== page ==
Home visiting may be a promising strategy to improve pregnancy outcomes, and home visiting by lay workers may be more accepted by pregnant women. Lay workers may impact on social and environmental risk factors as well as on health care utilization. As with any primary prevention strategy, these programs may be more successful if implemented with responsibility shared between the health care system and the community. This article reviews the state of the science related to lay home visiting during pregnancy in the United States. Using a variety of search terms, an exhaustive review of the literature was conducted using several large electronic databases. Studies of lay home visiting during pregnancy have documented mixed results. Many weaknesses exist in the studies available, including use of descriptive or quasi-experimental designs in most of the studies, absence of a clearly specified set of interventions, and lack of cost analysis. Gaps in our knowledge of the impact of lay home visitors on pregnancy outcomes persist.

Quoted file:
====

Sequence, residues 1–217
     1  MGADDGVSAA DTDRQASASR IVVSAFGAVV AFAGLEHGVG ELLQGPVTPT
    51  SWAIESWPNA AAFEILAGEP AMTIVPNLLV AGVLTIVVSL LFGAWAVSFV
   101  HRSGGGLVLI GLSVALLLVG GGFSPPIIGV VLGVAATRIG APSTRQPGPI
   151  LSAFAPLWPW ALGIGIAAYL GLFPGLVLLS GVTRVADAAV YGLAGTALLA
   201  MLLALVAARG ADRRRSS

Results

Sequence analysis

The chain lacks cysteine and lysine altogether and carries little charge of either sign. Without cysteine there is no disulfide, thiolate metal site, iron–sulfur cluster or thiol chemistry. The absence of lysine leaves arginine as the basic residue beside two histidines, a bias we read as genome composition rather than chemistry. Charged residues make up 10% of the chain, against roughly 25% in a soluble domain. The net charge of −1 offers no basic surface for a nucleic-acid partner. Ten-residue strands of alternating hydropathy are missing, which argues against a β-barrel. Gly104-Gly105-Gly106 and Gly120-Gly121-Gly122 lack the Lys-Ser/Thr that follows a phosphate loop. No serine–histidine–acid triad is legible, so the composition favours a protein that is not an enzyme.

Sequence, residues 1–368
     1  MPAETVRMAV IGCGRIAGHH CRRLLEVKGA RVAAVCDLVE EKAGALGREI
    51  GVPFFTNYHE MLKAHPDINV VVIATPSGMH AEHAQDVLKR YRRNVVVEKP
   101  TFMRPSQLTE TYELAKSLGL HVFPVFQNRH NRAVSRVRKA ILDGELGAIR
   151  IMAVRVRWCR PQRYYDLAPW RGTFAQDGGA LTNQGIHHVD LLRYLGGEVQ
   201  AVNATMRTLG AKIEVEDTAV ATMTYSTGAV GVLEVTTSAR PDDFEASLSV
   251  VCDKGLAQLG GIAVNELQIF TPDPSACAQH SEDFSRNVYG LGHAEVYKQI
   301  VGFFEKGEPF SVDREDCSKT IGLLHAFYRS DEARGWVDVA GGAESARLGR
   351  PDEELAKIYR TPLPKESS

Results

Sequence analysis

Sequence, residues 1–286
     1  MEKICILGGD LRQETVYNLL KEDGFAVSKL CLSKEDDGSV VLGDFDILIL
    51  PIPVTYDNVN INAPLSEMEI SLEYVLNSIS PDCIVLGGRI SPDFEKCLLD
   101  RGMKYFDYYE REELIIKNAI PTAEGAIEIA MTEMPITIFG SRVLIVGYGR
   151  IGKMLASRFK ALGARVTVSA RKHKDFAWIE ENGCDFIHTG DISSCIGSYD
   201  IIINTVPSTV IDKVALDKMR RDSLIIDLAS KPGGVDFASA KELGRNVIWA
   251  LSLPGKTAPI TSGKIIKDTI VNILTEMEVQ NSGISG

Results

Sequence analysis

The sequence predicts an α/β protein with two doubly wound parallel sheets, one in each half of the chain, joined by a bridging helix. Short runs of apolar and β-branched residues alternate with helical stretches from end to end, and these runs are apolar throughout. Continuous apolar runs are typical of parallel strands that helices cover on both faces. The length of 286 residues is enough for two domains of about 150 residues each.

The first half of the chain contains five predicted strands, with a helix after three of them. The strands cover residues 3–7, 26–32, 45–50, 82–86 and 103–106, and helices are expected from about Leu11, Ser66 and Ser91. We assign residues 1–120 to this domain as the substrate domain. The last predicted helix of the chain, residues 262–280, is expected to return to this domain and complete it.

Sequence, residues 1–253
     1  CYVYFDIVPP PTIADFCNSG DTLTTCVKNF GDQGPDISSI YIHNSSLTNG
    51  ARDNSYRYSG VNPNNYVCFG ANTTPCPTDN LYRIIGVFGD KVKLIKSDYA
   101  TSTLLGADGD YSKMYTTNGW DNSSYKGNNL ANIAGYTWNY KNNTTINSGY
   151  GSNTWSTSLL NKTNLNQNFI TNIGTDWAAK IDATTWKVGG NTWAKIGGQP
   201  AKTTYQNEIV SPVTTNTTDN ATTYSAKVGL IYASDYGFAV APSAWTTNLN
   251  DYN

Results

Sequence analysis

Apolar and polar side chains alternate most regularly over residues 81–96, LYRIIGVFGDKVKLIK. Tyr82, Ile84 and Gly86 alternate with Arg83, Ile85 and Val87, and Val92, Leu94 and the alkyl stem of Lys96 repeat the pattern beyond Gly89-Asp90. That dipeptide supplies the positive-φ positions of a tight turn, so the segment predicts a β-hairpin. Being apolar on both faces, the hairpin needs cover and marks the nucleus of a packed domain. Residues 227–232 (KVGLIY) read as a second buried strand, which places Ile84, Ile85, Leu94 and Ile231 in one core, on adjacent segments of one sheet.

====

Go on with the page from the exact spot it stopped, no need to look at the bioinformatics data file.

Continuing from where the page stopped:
From the West Virginia University School of Nursing, Charleston, WVa.
Corresponding author: Cynthia Armstrong Persily, PhD, RN, West Virginia University School of Nursing, 3100 MacCorkle Ave SE, Charleston, WV 25304 (e-mail: firstname.lastname@example.org).